Doctors Without Borders Recovers 11 Bodies, Rescues Dozens Off Libyan Coast Amid Criticism of Migration Policies

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Doctors Without Borders Recovers 11 Bodies, Rescues Dozens Off Libyan Coast Amid Criticism of Migration Policies

In a harrowing development off the coast of Libya, the aid organisation Doctors Without Borders (Médecins Sans Frontières, MSF) has reported the recovery of 11 bodies and the rescue of dozens of individuals. This tragic event underscores the ongoing humanitarian crisis in the Mediterranean and the contentious migration policies of both North African and European nations.

The MSF’s Geo Barents rescue vessel conducted a search operation lasting over nine hours after being alerted by the German non-governmental organization Sea-Watch. The operation, which unfolded on Friday, led to the grim discovery of the bodies amidst the treacherous waters, a situation that continues to highlight the perils faced by migrants seeking safety in Europe.

“As we cannot determine the reason behind this tragedy, we know that people will continue to take dangerous routes in a desperate attempt to reach safety, and Europe must find safe and legal pathways for them,” MSF stated on X, formerly known as Twitter. “This catastrophe must end!”

Doctors Without Borders Recovers 11 Bodies, Rescues Dozens Off Libyan Coast Amid Criticism Of Migration Policies

Sea-Watch has raised concerns about the lack of response from Libya’s coastguard regarding the recovery of the deceased. “The so-called Libyan coastguard – financed by the EU – ignored our call demanding that the bodies be recovered,” the organization reported, adding to the growing criticism of European support for Libyan maritime operations.

Libya remains a primary departure point for thousands of individuals fleeing war, poverty, and persecution in Africa. The Italian Island of Lampedusa is the nearest European destination for many migrants, who risk their lives on the perilous Mediterranean crossing. The central Mediterranean route is notoriously the most dangerous migrant crossing in the world, with the United Nations documenting over 20,000 deaths and disappearances since 2014.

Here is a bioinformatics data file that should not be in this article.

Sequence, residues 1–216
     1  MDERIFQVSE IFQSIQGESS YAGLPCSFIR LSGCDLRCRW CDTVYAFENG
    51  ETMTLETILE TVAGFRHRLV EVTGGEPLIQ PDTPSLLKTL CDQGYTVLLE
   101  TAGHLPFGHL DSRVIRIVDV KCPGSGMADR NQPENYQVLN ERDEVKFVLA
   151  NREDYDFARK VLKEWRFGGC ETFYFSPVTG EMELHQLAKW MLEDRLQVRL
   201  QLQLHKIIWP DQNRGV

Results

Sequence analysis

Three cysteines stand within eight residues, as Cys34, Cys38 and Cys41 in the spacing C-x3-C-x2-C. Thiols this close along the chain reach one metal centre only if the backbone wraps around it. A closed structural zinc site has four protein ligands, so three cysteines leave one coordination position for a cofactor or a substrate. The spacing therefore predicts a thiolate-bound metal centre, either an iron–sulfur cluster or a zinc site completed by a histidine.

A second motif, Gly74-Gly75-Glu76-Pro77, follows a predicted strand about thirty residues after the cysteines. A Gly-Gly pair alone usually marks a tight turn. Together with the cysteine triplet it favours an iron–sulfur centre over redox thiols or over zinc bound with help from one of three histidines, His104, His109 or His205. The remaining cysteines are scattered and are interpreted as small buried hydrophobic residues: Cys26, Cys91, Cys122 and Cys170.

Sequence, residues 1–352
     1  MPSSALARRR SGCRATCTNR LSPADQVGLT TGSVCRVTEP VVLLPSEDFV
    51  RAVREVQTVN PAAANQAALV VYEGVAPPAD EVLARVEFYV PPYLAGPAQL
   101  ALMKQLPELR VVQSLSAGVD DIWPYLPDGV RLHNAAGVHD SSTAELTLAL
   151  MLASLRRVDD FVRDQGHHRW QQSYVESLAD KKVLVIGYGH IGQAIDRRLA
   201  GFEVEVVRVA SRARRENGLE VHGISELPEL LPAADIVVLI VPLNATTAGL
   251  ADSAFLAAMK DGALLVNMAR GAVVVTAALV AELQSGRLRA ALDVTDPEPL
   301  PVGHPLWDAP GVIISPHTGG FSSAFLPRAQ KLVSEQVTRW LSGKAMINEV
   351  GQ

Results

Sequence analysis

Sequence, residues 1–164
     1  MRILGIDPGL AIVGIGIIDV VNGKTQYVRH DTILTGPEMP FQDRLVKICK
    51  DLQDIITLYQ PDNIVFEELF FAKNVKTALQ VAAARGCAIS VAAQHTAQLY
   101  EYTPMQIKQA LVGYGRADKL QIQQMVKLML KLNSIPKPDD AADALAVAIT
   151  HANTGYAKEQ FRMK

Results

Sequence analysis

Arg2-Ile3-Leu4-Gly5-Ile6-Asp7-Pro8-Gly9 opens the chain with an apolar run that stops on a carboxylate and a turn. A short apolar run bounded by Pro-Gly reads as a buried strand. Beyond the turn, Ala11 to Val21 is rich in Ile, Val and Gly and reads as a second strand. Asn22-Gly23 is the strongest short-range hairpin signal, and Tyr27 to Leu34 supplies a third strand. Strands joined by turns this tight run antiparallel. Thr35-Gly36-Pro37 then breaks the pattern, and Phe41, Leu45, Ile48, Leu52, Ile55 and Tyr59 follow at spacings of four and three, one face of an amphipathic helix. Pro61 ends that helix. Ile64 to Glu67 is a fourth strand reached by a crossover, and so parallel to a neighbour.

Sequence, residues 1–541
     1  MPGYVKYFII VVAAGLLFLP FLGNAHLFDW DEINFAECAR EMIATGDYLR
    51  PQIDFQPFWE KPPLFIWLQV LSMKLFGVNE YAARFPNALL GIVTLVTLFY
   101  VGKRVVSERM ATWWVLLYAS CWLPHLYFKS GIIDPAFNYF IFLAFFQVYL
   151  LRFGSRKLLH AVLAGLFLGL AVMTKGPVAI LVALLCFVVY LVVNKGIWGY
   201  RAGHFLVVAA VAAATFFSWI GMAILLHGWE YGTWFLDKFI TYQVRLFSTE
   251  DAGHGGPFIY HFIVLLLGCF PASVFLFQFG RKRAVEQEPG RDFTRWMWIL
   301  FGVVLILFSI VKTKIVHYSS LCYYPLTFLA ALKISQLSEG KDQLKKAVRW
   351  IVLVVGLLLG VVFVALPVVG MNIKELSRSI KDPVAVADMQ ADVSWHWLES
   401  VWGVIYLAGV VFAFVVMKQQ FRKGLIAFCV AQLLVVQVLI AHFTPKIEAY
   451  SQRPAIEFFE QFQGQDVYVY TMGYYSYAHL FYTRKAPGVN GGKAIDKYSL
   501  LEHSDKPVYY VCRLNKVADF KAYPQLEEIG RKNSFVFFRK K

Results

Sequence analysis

Italy, which has taken a hard stance on migration, has repeatedly called on Libya and neighbouring Tunisia to intensify efforts to prevent migrants from embarking on these dangerous journeys. The Italian government has also imposed stringent measures on the operations of rescue ships, accusing them of incentivising migration, a claim firmly denied by humanitarian organisations.

On Friday, Italy enforced its policy by directing the MSF rescue vessel to transport 165 rescued individuals to the northern port of Genoa. This decision required the vessel to travel over 650 nautical miles (1,200 km) from their rescue position, bypassing closer ports in Sicily and significantly delaying assistance to the survivors.

The International Organisation for Migration reported that more than 3,000 refugees and migrants went missing in 2023 while attempting to cross the central Mediterranean. Despite a drop in the number of arrivals in Italy in 2024—fewer than 21,800 compared to nearly 53,300 in the same period last year—the dangerous nature of these journeys remains unchanged.

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